Only planners possessed by illusions and contempt could have sought to win the support of a people they were in the midst of bombing (the overwhelming majority—75 percent—of American bombs fell on South Vietnam). The U.S. military strategy sought to break the will of the Vietnamese communists, not by seizing territory but by killing as many people as possible. One adviser remembers Kissinger saying, “Every country, like every human being, has a breaking point, Vietnam included.” Yet while pursuing an inhumane strategy that could lead all too easily to the massacre of noncombatants, the Americans were supposed to be protecting the Vietnamese from the cruelties of Communism.

Almost every page in Appy’s book reveals a different contradiction in U.S. policy: Hospitals bombed instead of military installations; starvation in the strategic hamlets that were supposed to be incubators of support for the South Vietnamese government; battles waged along with supposed Vietnamese allies who turned out to be double agents. In one particularly dubious psychological-warfare operation, peasants were kidnapped and taken to an outpost of a fake Northern resistance movement, named the Sacred Sword of the Patriot League, where they were given propaganda and food and sent back to their villages. The program was never shown to have any positive results.

Many American soldiers found themselves incapable of tolerating the war’s inhumanity, and the army was collapsing by the war’s end. One journalist who lived in Vietnam in the early ’70s says, “When I hear people say we could have won the war, I always think: Where were you going to get the soldiers?” Yet while the American soldiers served one-year tours of duty, punctuated by rest-and-recuperation debauchery, often spending time in rear-area bases with televisions, slot machines, beer, hot showers and warm meals, the North Vietnamese soldiers endured vast deprivation, living in the jungle for years on end, with scant food, sickness, exhaustion and a death rate nearly 20 times that of the Americans. Why were they able to tolerate such conditions, where American soldiers crumbled under much less?

Appy suggests that the basic difference was that North Vietnamese soldiers understood themselves as fighting a political war against an occupying power.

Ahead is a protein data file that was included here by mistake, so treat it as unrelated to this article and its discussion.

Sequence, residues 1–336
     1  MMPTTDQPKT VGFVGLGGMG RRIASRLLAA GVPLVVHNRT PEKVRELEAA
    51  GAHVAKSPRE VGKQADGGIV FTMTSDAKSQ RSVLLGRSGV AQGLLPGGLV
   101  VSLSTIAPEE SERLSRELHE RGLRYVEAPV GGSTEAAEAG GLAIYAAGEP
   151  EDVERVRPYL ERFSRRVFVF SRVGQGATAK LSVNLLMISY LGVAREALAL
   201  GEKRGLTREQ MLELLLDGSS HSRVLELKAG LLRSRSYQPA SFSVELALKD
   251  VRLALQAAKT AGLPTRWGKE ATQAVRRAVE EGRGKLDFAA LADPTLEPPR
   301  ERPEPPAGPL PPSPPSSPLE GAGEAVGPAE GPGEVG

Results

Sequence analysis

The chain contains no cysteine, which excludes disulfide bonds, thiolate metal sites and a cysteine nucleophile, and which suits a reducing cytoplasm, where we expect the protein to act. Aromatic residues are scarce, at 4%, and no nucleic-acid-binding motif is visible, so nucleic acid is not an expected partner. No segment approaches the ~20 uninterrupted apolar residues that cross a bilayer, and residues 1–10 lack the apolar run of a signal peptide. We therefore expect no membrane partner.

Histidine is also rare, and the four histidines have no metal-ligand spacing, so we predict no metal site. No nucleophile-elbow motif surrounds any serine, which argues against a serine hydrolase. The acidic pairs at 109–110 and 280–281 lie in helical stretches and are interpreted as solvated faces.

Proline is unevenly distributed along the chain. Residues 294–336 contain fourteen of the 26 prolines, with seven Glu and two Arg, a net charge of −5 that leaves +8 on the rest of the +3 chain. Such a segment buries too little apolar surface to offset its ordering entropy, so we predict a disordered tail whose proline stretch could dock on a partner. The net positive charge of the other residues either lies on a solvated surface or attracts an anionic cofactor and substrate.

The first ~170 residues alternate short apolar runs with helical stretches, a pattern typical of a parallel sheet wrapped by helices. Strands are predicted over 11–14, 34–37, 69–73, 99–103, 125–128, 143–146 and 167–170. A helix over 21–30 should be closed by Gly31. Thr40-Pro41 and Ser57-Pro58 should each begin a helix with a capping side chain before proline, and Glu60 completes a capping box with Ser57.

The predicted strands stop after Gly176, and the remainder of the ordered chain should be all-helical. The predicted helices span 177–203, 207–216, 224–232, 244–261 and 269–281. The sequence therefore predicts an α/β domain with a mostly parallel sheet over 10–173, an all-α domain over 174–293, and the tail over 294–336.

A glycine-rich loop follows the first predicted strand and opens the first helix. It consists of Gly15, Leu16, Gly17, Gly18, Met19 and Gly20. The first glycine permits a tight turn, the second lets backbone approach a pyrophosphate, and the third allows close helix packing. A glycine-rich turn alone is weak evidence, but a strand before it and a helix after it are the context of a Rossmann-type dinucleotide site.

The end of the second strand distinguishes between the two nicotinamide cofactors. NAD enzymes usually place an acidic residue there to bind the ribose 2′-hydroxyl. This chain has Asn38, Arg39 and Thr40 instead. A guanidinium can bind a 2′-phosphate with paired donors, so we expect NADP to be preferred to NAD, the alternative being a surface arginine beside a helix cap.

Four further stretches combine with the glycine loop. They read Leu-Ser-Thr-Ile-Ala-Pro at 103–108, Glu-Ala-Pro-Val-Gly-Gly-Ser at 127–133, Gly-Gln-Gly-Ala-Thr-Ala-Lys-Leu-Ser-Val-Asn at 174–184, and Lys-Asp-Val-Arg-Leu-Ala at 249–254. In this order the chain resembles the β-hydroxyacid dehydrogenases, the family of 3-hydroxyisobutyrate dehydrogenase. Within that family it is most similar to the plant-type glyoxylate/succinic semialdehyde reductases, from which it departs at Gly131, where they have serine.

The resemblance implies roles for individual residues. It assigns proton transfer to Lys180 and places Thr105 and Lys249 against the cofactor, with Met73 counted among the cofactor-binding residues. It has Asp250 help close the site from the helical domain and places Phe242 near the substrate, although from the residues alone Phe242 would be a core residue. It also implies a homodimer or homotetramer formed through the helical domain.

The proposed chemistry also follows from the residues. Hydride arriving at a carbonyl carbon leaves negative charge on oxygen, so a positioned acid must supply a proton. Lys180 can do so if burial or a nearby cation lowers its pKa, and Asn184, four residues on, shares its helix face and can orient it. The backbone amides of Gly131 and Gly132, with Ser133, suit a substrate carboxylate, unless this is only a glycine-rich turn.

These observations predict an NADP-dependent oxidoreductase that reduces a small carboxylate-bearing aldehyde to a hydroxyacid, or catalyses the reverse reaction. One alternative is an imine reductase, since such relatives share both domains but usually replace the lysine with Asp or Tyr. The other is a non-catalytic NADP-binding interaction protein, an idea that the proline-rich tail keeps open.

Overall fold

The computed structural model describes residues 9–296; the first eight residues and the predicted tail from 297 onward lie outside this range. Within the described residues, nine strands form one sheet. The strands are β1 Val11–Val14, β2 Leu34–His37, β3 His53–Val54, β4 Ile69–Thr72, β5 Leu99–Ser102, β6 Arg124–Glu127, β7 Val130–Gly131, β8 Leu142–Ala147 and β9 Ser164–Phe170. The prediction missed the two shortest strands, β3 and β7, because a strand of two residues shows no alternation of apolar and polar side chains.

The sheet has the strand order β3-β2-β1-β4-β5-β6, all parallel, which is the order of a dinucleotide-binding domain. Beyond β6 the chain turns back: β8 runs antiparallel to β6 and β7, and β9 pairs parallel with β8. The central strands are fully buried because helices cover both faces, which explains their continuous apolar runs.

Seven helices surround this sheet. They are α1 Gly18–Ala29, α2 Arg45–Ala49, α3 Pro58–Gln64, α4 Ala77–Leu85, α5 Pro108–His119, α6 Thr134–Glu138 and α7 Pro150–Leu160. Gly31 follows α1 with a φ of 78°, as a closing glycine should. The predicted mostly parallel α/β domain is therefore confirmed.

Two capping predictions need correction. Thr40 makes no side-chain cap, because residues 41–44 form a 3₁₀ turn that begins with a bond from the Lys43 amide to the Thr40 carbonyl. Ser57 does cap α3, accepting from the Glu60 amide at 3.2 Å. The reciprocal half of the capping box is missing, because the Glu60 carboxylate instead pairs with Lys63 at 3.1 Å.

North Vietnamese strategy, therefore, involved building support for resistance to the Americans (and before them, the French) throughout Vietnamese society. For example, Vo Nguyen Giap, a leader of the anti-colonial struggle against the French and a general in the American War (as it is called in Vietnam), remembers Ho Chi Minh telling him that as long as they had the support of the peasantry, weaponry was unimportant. Artists, entertainers, actors, singers and musicians traveled with the North Vietnamese troops.

At the same time, the North Vietnamese military planners made a deep effort (perhaps not always successful) to identify with America’s revolutionary tradition, and to blame the planners of the war, not the grunts. According to Appy’s sources, North Vietnamese soldiers read American literature, carrying books by U.S. authors among the few items in their rucksacks. In short, the North Vietnamese army endured because it sought to give its soldiers a sense of being participants in a deep struggle against injustice, arbitrary power and violence.

It is impossible to read Patriots without thinking of the ongoing war in Iraq. Despite obvious differences—no force in Iraq is comparable to the Viet Cong and Saddam Hussein was no Ho Chi Minh—there are deep similarities in the American position. The war, after all, was supposed to vanquish the “Vietnam syndrome.”

But can it? Once again the United States has entered a war on false pretenses with little knowledge of the history, culture or even language of the invaded country. American leaders now, as during the Vietnam War, seek political support among a people they just bombed, seeking to win the “hearts and minds” of Iraqis after killing 8,000 to 10,000 civilians.The soldiers, once more, are working-class men and women, many of color, quite a few of whom seem already to harbor grave doubts about the war they have been sent to fight.

The similarities may run deeper still. No matter what military superiority the United States may possess, it is not so easy to win a war. The Vietnam War was possible, in the end, because the people leading the United States were motivated by a criminal, casual sense that the world was theirs to rule. Yet as Patriots shows, they were mistaken. Ideology and politics matter in fighting wars, and a war justified by lies is unlikely to be a war that people will want to—or prove able to—fight for long.

Kim Phillips-Fein is a writer in New York City and a contributing editor to In These Times. She is working on a book about the business backlash against the New Deal.